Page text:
Many people ask questions here that are tricky enough that the only way to get an answer that works is to play around with the data quite a bit. In order to do this, we have to fake data first. For the following data set, what is the best way to do it?
host source count name host1 sourceA 33 Inky host2 sourceA 23 Pinky host3 sourceB -2 Blinky host4 5 Clyde
What about for
A combination of _internal, eventgen, and the Windows or NIX TA.
These can cover most all general questions and functionality of Splunk Search related questions. There almost examples of almost all kinds of datasets included in these, and pouring over these is a great way to learn Splunk.
"Best" is rather subjective, and varies widely with the question being asked. However I try to use the most straightforward method as needed for a particular problem. In your example case As you gave sample data in a tabular form I would use
|noop|stats count to get a single result record, followed by eval to paste in your table as
_raw then use multikv to split into records and fields. As I previously pointed out in a comment.
Multivalve fields would handle no differently, just pick a delimiter that doesn't appear elsewhere and serialize multivalued fields with it and after multikv, use eval with the split function to make your mv field. (I used a similar principle in the original part of this answer encoding multivalued fields as single valued fields with *** as a delimiter)
When data isn't provided using gentimes can generate a bunch of time slots quickly. A few evals making use of random() with appropriate math to constrain ranges and you have magically generated massive sets of data. Using summary indexing commands and temporary indexes then let's you keep that generated set and see what manipulation scan be done.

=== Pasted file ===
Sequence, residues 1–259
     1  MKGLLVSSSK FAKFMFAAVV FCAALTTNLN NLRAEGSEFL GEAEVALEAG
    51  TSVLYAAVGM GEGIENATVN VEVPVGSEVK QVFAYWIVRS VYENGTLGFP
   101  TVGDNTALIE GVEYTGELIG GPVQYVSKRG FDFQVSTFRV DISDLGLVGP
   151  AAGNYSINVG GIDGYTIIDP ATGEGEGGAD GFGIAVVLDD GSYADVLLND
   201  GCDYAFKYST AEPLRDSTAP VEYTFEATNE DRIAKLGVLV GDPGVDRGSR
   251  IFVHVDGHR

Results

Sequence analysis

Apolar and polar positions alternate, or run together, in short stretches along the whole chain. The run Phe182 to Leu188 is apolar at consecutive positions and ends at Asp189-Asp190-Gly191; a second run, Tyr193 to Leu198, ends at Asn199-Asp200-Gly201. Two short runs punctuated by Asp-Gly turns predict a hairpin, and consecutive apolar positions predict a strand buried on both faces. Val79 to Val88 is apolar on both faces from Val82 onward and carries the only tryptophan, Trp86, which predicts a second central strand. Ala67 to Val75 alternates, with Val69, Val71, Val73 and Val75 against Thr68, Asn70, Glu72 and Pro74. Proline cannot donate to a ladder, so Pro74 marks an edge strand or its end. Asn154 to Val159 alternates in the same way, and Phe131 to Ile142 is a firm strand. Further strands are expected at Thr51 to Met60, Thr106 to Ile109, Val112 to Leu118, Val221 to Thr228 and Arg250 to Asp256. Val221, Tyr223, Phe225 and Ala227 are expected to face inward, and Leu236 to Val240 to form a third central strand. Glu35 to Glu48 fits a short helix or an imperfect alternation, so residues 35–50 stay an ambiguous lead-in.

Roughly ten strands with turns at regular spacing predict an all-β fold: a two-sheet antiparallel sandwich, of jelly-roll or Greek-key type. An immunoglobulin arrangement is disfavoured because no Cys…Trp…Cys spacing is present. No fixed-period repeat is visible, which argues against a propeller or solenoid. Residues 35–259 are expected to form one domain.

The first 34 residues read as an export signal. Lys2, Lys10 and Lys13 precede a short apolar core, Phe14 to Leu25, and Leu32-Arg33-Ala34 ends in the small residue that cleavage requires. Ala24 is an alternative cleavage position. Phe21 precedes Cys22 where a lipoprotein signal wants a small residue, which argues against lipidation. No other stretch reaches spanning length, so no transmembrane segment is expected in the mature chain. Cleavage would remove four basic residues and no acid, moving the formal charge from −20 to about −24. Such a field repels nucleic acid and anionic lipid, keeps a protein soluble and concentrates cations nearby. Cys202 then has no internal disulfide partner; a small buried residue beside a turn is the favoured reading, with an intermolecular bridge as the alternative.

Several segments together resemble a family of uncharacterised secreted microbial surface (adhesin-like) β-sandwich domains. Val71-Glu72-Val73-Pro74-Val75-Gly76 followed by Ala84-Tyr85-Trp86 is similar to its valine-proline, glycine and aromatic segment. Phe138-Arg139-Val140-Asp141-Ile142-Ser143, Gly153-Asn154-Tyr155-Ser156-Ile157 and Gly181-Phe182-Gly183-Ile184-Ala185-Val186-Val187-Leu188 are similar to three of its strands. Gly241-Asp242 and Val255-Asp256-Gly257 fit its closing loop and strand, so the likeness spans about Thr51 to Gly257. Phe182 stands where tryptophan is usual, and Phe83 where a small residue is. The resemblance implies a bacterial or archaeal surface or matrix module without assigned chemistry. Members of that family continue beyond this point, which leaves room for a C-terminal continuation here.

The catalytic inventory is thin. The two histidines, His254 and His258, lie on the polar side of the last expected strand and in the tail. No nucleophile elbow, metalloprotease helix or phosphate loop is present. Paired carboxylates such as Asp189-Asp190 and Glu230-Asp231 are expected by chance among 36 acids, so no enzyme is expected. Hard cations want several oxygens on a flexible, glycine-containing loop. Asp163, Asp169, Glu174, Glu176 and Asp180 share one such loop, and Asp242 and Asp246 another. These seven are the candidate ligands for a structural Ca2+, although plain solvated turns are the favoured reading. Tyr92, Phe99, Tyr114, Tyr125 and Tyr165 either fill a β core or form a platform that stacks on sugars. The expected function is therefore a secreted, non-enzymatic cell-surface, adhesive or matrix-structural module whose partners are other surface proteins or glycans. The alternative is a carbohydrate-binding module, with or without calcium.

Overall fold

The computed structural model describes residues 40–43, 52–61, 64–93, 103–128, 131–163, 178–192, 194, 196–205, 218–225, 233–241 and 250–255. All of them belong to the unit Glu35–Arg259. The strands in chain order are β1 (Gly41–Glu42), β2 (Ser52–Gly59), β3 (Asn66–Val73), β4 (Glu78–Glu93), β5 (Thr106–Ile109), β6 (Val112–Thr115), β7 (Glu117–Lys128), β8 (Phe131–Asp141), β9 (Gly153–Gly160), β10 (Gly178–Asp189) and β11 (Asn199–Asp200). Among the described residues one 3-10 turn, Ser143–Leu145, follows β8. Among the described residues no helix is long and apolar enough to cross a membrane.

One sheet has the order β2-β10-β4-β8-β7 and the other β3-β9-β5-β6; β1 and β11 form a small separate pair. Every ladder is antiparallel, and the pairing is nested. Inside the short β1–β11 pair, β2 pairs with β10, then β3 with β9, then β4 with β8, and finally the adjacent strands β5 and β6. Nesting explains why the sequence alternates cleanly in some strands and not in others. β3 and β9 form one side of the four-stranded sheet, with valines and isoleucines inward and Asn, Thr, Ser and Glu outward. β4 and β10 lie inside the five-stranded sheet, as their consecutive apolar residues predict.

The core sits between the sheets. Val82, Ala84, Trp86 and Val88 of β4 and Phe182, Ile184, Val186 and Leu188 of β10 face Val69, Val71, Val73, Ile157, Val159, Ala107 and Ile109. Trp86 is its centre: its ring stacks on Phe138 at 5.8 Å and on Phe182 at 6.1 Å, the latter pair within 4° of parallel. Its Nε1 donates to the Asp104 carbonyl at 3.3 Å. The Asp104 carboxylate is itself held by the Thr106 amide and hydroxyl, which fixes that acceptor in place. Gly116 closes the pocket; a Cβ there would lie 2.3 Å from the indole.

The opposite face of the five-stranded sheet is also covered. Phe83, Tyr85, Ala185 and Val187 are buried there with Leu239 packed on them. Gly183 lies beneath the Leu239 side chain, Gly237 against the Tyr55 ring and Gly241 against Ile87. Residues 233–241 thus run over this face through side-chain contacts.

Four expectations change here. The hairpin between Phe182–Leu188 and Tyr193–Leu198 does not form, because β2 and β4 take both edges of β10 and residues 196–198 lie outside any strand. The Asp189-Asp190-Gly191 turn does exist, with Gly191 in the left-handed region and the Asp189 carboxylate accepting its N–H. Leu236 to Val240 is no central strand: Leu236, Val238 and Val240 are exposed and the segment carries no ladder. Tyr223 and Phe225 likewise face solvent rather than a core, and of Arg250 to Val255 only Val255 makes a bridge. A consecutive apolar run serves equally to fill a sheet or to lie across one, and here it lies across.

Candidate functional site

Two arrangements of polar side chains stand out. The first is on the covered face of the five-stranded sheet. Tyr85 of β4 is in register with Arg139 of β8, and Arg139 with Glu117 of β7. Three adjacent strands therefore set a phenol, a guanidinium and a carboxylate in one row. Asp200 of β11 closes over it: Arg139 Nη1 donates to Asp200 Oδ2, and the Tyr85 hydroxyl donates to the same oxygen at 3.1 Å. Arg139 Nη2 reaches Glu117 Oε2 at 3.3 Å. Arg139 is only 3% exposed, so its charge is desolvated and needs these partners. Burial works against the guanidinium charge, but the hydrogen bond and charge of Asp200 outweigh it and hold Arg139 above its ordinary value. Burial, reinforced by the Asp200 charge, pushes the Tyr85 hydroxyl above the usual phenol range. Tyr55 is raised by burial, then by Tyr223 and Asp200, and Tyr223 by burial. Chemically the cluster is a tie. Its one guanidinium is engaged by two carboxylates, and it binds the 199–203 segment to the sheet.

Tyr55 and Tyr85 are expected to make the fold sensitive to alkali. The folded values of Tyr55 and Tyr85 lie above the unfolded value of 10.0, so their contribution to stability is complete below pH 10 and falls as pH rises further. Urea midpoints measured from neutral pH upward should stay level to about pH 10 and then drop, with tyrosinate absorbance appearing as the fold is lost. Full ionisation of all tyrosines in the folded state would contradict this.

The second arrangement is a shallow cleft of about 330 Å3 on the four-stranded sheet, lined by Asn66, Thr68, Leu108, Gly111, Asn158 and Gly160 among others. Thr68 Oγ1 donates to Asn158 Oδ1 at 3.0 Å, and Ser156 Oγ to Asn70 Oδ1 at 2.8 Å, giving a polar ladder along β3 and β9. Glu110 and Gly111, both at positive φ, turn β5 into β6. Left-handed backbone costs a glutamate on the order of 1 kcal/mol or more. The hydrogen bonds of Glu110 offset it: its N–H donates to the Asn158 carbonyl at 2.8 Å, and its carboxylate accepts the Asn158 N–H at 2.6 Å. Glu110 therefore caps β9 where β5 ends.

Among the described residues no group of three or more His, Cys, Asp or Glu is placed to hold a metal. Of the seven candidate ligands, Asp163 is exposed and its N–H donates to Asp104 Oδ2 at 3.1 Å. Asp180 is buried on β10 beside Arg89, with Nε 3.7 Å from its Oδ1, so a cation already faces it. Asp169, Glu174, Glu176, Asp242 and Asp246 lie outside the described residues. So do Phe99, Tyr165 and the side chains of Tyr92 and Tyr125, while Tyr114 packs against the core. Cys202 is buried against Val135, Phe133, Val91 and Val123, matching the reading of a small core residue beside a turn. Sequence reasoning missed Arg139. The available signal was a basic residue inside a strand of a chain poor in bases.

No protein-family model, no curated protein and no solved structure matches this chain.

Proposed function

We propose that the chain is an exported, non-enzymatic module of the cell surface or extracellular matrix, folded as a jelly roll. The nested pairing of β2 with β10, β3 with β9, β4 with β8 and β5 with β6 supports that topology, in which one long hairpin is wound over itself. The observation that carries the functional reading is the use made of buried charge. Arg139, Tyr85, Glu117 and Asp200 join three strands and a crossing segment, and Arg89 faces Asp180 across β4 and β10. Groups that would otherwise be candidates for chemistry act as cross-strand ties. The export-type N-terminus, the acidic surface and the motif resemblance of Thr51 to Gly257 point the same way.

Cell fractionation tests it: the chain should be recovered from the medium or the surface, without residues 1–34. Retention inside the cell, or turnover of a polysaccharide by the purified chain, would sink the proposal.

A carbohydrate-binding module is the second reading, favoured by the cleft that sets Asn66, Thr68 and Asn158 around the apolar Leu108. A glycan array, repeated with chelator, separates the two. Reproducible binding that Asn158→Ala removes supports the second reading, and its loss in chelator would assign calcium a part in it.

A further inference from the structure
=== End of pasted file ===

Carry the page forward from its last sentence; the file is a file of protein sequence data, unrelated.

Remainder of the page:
Another method I've used was to take a string, split it into a multivalued field, mvexpand and then used auto extraction. in this gist. I don't remember if I generated or was given that data.
But in short, there is no best way, use the many tools of Splunk and do whatever is easiest for the problem at hand.
I frequently do something like this:
| stats count | eval field = "val1 val2 val3" | makemv field | mvexpand field | eval mv = "mv1 mv2 mv3" | makemv mv | streamstats count | eval val = random()%100 | eval _time = now() + random()%100 | sort - _time
Gives you five things:
Pick what you need and re-assemble for each sample data task.
I typically do something very similar to @martin_mueller like this:
| metadata type=hosts | head 1 | eval name="Inky Pinky Blinky Clyde" makemv name | mvexpand name
This gives me my 4 events and it does it quickly because nothing is faster than "head 1" (I think).
Now I can set my other fields' values with case statements like this:
| eval host=case(name="Inky", host1, name="Pinky", host2, name="Blinky", host3, name="Clyde", host4)
Technically, this is much faster than
| head 1:
| noop | stats count | ...
Can't get faster than not even loading one event...
Need? Maybe not, but talking in terms of pure speed.... It's been a while since I did this experiment, but use the job inspector and compare performance metrics of
| stats count and
|noop | stats count if I remember correctly, in a distributed environment the former is actually distributing a search (that happens to return nothing from anywhere), but the latter literally does nothing and counts it. So the former is impacted by connectivity to indexers, and the latter is not. 🙂